Other NBA players returning from the World Cup bronze victory include forward Dillon Brooks, who scored a Canadian men’s national-team record 39 points in the 127-118 overtime upset of the Americans; Lu Dort, a fierce perimeter defender with Gilgeous-Alexander’s Thunder; RJ Barrett, the former No. 3 overall draft choice who was acquired by the Toronto Raptors this season in a trade with New York; and veteran big man Kelly Olynyk, who also joined the Raptors in a mid-season trade.

The biggest name left off the team is Andrew Wiggins, the former No. 1 pick who reinvented himself as a vital role player for the Golden State Warriors’ 2022 championship team. Wiggins’ commitment to the national team has waned over the past few years. Depending on which report you choose to believe, either Golden State ordered him not to join Canada’s training camp last month because they’re trying to trade him, or Wiggins and the Warriors reached the decision mutually.

Back-to-back NCAA player of the year Zach Edey was invited to camp but bowed out to prepare for his rookie NBA season with the Memphis Grizzlies, who drafted him ninth overall.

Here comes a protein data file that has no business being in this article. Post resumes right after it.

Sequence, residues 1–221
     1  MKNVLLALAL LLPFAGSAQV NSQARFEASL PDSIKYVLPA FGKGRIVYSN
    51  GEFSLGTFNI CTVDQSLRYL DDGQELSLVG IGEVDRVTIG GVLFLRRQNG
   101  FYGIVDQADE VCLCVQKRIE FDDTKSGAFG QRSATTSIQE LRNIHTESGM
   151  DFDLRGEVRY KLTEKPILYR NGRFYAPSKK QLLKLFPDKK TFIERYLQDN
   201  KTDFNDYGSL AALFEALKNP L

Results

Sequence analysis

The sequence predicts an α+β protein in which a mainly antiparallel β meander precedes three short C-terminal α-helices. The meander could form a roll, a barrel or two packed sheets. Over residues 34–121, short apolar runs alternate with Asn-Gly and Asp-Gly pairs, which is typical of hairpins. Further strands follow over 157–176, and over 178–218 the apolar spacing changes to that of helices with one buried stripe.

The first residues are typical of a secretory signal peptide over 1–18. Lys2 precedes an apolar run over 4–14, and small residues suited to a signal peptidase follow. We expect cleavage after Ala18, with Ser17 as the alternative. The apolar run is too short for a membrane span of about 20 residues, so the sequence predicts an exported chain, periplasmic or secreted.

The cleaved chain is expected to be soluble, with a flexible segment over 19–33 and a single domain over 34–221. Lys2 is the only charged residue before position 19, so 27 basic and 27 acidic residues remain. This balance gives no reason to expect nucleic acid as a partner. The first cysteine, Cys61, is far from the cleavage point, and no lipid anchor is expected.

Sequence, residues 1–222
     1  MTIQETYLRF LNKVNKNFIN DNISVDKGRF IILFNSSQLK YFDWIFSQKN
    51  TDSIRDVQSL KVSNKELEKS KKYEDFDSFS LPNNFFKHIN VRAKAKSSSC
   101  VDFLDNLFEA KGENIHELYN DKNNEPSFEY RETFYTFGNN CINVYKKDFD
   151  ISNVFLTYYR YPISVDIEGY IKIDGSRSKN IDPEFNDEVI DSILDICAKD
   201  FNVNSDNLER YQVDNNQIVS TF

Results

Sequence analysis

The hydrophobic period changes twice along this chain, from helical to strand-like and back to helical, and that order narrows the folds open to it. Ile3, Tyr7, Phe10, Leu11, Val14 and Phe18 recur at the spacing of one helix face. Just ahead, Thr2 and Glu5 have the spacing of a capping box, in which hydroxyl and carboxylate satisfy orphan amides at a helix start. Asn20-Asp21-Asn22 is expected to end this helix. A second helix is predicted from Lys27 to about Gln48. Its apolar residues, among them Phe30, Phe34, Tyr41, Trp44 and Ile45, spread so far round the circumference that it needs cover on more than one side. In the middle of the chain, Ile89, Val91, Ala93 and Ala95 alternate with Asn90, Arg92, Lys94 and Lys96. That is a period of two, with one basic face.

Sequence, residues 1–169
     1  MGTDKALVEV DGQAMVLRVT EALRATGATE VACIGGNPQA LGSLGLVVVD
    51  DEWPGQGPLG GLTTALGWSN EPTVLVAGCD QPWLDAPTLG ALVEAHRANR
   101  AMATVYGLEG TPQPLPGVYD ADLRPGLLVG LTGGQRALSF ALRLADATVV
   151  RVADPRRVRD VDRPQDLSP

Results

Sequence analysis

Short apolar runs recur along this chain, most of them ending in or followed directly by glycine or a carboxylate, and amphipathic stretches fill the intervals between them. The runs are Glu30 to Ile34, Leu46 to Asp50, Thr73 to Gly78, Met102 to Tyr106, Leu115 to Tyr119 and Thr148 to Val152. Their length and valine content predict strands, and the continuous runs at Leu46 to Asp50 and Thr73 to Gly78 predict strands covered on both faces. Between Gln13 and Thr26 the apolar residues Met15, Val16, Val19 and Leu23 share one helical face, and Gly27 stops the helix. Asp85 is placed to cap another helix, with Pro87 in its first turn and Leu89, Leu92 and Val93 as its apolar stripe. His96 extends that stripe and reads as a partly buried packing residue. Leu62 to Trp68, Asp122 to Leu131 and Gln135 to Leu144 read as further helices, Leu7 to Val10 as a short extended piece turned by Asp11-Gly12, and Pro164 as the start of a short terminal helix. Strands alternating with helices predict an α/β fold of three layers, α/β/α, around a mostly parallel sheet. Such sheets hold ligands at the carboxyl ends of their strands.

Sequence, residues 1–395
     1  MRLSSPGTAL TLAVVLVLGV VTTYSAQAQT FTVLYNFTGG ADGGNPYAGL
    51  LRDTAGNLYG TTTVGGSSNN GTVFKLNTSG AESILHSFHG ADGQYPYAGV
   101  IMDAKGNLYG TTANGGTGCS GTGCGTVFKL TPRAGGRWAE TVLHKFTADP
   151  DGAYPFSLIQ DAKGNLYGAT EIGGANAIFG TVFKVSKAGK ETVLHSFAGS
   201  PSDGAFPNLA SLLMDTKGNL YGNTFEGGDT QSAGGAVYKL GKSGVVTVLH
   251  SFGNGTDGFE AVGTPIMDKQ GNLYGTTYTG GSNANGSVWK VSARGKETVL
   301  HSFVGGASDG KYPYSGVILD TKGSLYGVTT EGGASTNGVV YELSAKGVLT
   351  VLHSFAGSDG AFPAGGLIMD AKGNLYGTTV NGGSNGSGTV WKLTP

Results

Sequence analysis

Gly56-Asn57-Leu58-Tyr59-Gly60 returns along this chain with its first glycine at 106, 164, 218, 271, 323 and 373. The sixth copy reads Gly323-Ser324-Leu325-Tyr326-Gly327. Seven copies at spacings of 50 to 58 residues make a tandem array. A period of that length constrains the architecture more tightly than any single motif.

Other notable omissions include a pair of lottery picks from the 2022 draft who are coming off impressive second seasons. Pacers guard Bennedict Mathurin, the No. 6 choice, averaged 14.5 points while Portland’s Shaedon Sharpe, who went one pick later, averaged 15.9. Both attended Canada’s training camp but were left off the Olympic roster as they recover from season-ending surgeries. Read more about the Canadian team here.

Here’s the full roster with their current pro teams:

  • Nickeil Alexander-Walker (Minnesota Timberwolves)
  • RJ Barrett (Toronto Raptors)
  • Khem Birch (Basquet Girona, Spain)
  • Dillon Brooks (Houston Rockets)
  • Lu Dort (Oklahoma City Thunder)
  • Melvin Ejim (Unicaja, Spain)
  • Shai Gilgeous-Alexander (Oklahoma City Thunder)
  • Trey Lyles (Sacramento Kings)
  • Jamal Murray (Denver Nuggets)
  • Andrew Nembhard (Indiana Pacers)
  • Kelly Olynyk (Toronto Raptors)